Shadow without a Wall: What Europe ’89 Means to Us Today

A retrospective 30 years after the fall of the Berlin Wall and how the events of 1989 continue to shape our world.
About this Event
Central Europe – November 1989: Arguably the scene of the most momentous political events since the end of the Second World War. The inspiring determination and courage of democratic Europeans in Poland, East Germany, Czechoslovakia and elsewhere at last came to fruition. Their seemingly miraculous achievement was symbolically encapsulated in the tearing down of the Berlin Wall.
The Wall’s downfall saw the beginning of reform and political reorganization which continues to this day. Currently it is a process whose trajectory has been shaken by unmet expectations of prosperity and sometimes starkly divergent visions as how to proceed. How divided societies in formerly Communist states – including Germany following its re-unification – make use of their democratic institutions to find consensus going forward impacts both Europe’s fate and the U.S.
US-Europe Alliance, in conjunction with the German Marshall Fund of the United States and the Foreign Policy Research Institute, and with the support of the American Council on Germany, presents a moderated dialogue commemorating the 30th anniversary of the destruction of the Berlin Wall. This discussion will consider how the events of 1989 are remembered and how perceptions of that time continue to influence contemporary politics in the region, especially in the context of the recent wave of populism. Furthermore, the speakers will address how the effects of 1989 have reverberated outside of Europe and informed the actions of authoritarian regimes elsewhere in the world.
Mitchell Orenstein, PhD Professor of Russian and Eastern European Studies Pennsylvania University
Jackson Janes, PhD Senior Fellow German Marshall Fund of the United States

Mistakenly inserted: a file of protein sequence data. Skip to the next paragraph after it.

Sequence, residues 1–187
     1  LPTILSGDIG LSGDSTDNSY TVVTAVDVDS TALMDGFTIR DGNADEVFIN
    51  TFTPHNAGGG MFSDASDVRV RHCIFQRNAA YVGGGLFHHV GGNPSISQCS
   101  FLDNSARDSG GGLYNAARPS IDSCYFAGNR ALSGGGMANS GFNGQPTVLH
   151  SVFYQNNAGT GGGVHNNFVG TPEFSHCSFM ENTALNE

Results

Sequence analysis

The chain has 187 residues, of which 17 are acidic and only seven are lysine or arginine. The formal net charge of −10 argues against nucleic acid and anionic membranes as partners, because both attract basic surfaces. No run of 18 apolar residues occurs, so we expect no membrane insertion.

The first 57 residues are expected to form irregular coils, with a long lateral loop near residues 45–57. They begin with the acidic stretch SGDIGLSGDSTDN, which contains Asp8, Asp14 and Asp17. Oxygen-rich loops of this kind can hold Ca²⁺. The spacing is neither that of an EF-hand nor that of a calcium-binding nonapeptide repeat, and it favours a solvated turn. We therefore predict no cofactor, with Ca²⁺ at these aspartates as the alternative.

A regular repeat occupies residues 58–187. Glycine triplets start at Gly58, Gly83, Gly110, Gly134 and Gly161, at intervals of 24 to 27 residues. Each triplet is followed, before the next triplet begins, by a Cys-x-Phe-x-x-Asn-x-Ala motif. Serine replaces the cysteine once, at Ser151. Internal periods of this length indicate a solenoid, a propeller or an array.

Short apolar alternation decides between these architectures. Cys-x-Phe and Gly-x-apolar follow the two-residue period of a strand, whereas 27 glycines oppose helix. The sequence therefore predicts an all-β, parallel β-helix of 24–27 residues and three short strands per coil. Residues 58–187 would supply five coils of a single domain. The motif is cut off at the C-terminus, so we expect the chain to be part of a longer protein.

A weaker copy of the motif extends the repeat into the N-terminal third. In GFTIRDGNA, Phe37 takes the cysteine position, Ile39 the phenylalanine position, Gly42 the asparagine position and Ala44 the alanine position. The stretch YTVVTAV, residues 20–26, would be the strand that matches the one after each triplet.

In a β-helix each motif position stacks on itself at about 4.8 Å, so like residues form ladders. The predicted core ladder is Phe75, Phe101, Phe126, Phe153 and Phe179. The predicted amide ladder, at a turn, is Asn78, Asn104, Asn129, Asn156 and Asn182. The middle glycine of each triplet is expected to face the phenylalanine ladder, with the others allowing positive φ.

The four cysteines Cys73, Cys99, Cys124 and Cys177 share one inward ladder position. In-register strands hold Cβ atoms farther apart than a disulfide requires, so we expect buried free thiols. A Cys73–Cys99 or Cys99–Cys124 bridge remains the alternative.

Mrs. Aliaksandra Tyhrytskaya Frédéric Bastiat Fellow, Mercatus Center George Mason University
Mr. Jan Surotchak Senior Director, Transatlantic Strategy International Republican Institute
Clay Fuller, PhD Adjunct Instructor Western Carolina University

The Wall’s Downfall Saw The Beginning Of Reform And Political Reorganization Which Continues To This Day. Currently It Is A Process Whose Trajectory Has Been Shaken By Unmet Expectations Of Prosperity And Sometimes Starkly Divergent Visions As How To Proceed. How Divided Societies In Formerly Communist States – Including Germany Following Its Re-Unification – Make Use Of Their Democratic Institutions To Find Consensus Going Forward Impacts Both Europe’s Fate And The U.S.

US-Europe Alliance, In Conjunction With The German Marshall Fund Of The United States And The Foreign Policy Research Institute, Presents A Moderated Dialogue Commemorating The 30th Anniversary Of The Destruction Of The Berlin Wall. This Discussion Will Consider How The Events Of 1989 Are Remembered And How Perceptions Of That Time Continue To Influence Contemporary Politics In The Region, Especially In The Context Of The Recent Wave Of Populism. Furthermore, The Speakers Will Address How The Effects Of 1989 Have Reverberated Outside Of Europe And Informed The Actions Of Authoritarian Regimes Elsewhere In The World.

With Remarks By:

Mitchell Orenstein, PhD Professor Of Russian And Eastern European Studies Pennsylvania University

Jackson Janes, PhD Senior Fellow German Marshall Fund Of The United States

Mr. Jan Surotchak Senior Director, Transatlantic Strategy International Republican Institute

Clay Fuller, PhD Adjunct Instructor Western Carolina University

Please Register On Eventbrite By Visiting: Shorturl.at/KptR0
This Event Will Also Be Live Broadcasted.

Mitchell Orenstein

Professor Of Russian And Eastern European Studies Pennsylvania University

Clay Fuller

PhD Adjunct Instructor Western Carolina University

Jan Surotchak

Senior Director, Transatlantic Strategy International Republican Institute

Jackson Janes

Senior Fellow German Marshall Fund Of The United States
Senior Fellow German Marshall Fund Of The United States

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